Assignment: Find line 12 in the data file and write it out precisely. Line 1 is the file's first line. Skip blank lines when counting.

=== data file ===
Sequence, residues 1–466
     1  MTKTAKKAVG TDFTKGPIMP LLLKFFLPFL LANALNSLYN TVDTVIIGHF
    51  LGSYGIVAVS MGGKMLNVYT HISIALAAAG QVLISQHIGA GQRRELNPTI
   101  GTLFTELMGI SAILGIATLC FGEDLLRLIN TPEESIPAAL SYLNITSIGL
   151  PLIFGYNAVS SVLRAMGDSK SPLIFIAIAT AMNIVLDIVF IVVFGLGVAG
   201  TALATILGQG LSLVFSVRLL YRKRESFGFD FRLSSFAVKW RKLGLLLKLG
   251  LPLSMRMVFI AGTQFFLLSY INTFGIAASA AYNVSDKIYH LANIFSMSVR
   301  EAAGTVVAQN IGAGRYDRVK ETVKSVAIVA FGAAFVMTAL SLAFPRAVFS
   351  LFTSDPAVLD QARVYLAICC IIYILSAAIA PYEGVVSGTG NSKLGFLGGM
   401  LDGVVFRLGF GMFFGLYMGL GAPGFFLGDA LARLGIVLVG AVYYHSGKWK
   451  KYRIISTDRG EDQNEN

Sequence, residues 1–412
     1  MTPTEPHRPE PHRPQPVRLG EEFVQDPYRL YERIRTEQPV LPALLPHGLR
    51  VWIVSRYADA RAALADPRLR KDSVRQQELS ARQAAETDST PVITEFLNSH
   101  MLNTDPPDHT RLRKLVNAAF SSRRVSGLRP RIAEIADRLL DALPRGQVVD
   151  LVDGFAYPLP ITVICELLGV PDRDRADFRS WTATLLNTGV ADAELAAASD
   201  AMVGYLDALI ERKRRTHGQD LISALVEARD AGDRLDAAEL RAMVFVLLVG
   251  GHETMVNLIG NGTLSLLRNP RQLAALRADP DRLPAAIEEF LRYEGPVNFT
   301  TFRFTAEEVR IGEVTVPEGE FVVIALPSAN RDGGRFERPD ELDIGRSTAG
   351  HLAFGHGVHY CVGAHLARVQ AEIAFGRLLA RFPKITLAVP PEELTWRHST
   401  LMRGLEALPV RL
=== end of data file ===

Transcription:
Sequence, residues 1–412